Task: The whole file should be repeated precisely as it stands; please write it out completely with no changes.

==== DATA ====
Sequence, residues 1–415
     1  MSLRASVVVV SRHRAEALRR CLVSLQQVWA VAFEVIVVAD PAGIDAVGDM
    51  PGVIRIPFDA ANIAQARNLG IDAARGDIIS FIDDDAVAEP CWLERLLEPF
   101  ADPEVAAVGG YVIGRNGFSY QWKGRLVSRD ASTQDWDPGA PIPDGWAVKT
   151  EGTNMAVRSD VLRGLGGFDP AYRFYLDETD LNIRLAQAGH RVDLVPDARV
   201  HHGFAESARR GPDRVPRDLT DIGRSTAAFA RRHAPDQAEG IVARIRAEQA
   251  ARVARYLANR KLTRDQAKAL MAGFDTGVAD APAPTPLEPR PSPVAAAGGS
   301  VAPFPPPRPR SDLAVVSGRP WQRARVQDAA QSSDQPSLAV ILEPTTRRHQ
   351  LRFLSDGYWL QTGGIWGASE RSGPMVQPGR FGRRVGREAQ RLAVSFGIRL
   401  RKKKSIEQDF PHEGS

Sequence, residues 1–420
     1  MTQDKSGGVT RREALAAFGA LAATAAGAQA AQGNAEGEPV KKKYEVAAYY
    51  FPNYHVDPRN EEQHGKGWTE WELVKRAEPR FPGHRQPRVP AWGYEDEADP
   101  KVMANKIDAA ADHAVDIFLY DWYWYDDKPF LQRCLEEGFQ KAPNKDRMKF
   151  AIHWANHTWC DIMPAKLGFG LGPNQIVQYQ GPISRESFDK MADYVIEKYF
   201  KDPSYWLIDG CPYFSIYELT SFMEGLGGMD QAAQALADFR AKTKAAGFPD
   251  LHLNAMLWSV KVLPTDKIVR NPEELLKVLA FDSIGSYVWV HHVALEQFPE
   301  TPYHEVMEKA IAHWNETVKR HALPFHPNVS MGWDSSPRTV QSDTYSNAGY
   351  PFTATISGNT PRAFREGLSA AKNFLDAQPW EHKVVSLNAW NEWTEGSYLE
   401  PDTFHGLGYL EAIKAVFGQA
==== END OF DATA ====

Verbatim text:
Sequence, residues 1–415
     1  MSLRASVVVV SRHRAEALRR CLVSLQQVWA VAFEVIVVAD PAGIDAVGDM
    51  PGVIRIPFDA ANIAQARNLG IDAARGDIIS FIDDDAVAEP CWLERLLEPF
   101  ADPEVAAVGG YVIGRNGFSY QWKGRLVSRD ASTQDWDPGA PIPDGWAVKT
   151  EGTNMAVRSD VLRGLGGFDP AYRFYLDETD LNIRLAQAGH RVDLVPDARV
   201  HHGFAESARR GPDRVPRDLT DIGRSTAAFA RRHAPDQAEG IVARIRAEQA
   251  ARVARYLANR KLTRDQAKAL MAGFDTGVAD APAPTPLEPR PSPVAAAGGS
   301  VAPFPPPRPR SDLAVVSGRP WQRARVQDAA QSSDQPSLAV ILEPTTRRHQ
   351  LRFLSDGYWL QTGGIWGASE RSGPMVQPGR FGRRVGREAQ RLAVSFGIRL
   401  RKKKSIEQDF PHEGS

Sequence, residues 1–420
     1  MTQDKSGGVT RREALAAFGA LAATAAGAQA AQGNAEGEPV KKKYEVAAYY
    51  FPNYHVDPRN EEQHGKGWTE WELVKRAEPR FPGHRQPRVP AWGYEDEADP
   101  KVMANKIDAA ADHAVDIFLY DWYWYDDKPF LQRCLEEGFQ KAPNKDRMKF
   151  AIHWANHTWC DIMPAKLGFG LGPNQIVQYQ GPISRESFDK MADYVIEKYF
   201  KDPSYWLIDG CPYFSIYELT SFMEGLGGMD QAAQALADFR AKTKAAGFPD
   251  LHLNAMLWSV KVLPTDKIVR NPEELLKVLA FDSIGSYVWV HHVALEQFPE
   301  TPYHEVMEKA IAHWNETVKR HALPFHPNVS MGWDSSPRTV QSDTYSNAGY
   351  PFTATISGNT PRAFREGLSA AKNFLDAQPW EHKVVSLNAW NEWTEGSYLE
   401  PDTFHGLGYL EAIKAVFGQA